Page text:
Props also help audience members keep track of unfolding events as they become stand-ins for characters at the Chateau d’Or Hotel, a seemingly timeless hotel that has its roots in the exquisite roar of the 1920s.  A cigarette holder becomes the owner’s wife; a briefcase becomes the pathetically lost anthropologist.


While these objects give a physical presence to the character, the color comes from the performance.  In the playwright’s note, Morris cites his “love of silent and early sound cinema” as the basis for his “desire to tell a story through gesture alone.”  Monteyne’s subtleties accomplish just that, whether the curled hand of an Eastern European wannabe pimp or the wrong-side-of-town accent of the Parlor Maid.


The play begins with the Concierge contemplating leaving a dark room existing in shambles: lights overturned, curtains askew, and memories of yesteryear strewn about the floor. The faintest tap tap tap on a suitcase conveys to the audience a sense of nervous indecision. As the play continues, we find that we are witness to innards of the concierge’s mind.


That said, the question of how the events related in the play actually unfolded is never addressed. Far from being a problem, this absence of certainty makes the concierge’s various performances all the more entrancing, as the audience can believe the hotel suffered a range of fates, from a mass exodus to Mexico or closure due to the slaying of a cinema star.


The production also features effective sound and music cues.  Sometimes a storm, sometimes the excitement of swing music, the sounds aid the audience in following the rhythm of the show.  Often, Monteyne’s performance would pause as the lights and audio would dim and then rise, allowing her concierge to re-perform and slightly alter the way events unfold.  Whether this is the concierge’s wish of how a certain night may have gone or whether its the rambling musings of an insane information-desk person, one could never tell.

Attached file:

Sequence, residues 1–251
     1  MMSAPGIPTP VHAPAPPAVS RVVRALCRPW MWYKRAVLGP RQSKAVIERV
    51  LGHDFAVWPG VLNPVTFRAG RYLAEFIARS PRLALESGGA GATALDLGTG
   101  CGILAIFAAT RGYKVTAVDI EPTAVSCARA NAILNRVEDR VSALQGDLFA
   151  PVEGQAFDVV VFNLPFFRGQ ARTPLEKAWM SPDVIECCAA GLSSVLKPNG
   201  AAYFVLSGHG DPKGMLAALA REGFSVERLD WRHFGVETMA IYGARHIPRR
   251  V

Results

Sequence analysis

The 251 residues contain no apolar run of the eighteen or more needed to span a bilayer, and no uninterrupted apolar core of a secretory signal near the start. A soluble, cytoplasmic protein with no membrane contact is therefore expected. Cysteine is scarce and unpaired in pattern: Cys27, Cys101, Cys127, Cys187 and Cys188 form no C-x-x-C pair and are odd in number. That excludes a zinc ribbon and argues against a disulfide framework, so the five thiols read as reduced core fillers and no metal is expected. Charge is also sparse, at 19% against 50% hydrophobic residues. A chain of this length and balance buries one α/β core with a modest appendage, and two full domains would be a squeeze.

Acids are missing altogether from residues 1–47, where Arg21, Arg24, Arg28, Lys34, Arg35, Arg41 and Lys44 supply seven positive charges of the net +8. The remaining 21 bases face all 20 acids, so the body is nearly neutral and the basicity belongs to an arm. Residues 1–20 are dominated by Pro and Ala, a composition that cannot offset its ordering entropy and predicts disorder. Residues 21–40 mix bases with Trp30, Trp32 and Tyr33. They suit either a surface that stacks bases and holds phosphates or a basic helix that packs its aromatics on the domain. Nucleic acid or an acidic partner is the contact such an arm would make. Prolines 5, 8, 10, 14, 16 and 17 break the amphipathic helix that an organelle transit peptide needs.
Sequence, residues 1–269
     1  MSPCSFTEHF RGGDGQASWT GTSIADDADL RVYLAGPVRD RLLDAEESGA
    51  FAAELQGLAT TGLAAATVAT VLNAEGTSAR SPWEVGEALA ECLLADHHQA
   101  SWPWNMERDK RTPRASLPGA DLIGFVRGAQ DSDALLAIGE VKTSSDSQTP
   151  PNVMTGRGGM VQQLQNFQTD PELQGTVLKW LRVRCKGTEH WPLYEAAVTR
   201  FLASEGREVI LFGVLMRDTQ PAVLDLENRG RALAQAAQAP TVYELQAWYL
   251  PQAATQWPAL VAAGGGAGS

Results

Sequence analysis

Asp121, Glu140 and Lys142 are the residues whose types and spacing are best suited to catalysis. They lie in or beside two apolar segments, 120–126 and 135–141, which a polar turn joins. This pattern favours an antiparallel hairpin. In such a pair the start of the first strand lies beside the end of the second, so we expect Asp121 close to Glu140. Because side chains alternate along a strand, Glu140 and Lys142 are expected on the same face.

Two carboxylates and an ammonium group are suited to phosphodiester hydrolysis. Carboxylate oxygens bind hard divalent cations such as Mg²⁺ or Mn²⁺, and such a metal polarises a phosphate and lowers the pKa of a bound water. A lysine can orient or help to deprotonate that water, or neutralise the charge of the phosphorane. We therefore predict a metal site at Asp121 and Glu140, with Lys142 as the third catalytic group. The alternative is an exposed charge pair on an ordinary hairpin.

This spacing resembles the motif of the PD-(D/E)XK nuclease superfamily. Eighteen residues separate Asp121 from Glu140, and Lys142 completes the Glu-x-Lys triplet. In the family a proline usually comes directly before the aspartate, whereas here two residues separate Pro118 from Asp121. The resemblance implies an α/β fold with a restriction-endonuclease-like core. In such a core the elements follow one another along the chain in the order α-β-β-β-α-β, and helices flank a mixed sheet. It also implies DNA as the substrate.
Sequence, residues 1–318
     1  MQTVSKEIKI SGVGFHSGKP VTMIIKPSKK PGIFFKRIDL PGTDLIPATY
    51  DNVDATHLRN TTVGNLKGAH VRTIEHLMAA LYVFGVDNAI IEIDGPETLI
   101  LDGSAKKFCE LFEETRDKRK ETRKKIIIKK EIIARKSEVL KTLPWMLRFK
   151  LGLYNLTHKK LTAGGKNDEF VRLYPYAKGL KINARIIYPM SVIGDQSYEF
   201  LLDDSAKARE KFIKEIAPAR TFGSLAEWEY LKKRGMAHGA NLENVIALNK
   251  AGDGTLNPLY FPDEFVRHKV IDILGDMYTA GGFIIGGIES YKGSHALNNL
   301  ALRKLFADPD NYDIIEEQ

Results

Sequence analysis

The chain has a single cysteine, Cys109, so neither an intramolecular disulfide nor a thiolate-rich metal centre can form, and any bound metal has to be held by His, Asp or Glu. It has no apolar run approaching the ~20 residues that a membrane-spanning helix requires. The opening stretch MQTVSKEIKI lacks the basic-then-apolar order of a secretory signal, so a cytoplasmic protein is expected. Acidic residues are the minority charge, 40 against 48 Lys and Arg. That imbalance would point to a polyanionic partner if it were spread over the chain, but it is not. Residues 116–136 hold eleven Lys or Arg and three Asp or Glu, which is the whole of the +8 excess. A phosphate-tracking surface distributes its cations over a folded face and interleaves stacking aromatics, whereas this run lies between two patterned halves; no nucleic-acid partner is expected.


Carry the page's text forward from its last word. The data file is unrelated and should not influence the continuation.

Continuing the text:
St. Francisville Transitory Theatre has been producing works, including seven original texts, since 2003.  The company takes its name from “its mascot, the Transi-tortoise, who always carries his home on his back.”  Following SFTT one sees Thronton Wilder, Shakespeare, and original work all performed in venues ranging from a trailer to Le Chat Noir.  For this production, the Elm Theatre provides a wonderful venue for the one-woman show, as it seats only a couple dozen guests.  The crowd, however doesn’t seem to mind close quarters as they share laughs and a fun evening of theatre.


Overall La Concierge Solitaire offers a well-produced theatrical event, complete with laughs and fleshed-out characters performed by a talented and well trained performer. And for those who wish to hurt their brains trying to figure out the nature of inter-human interaction and their impact on the psyche, there is something there for you too.


La Concierge Solataire plays at Elm Theatre (220 Julia St.) Wednesdays-Saturdays from Jan. 11-25. Showtime is at 8 p.m. Find ticket information here.

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Renard Boissiere, Evan Z.E. Hammond, Naimonu James, Wilson Koewing, J.A. Lloyd, Nina Luckman, Dead Huey Long, Joseph Santiago, Andrew Smith, Cynthia Via, Austin Yde


Art Director

Michael Weber, B.A.


Alexis Manrodt

Listings Editor

Linzi Falk

Editor Emeritus

B. E. Mintz

Editor Emeritus

Stephen Babcock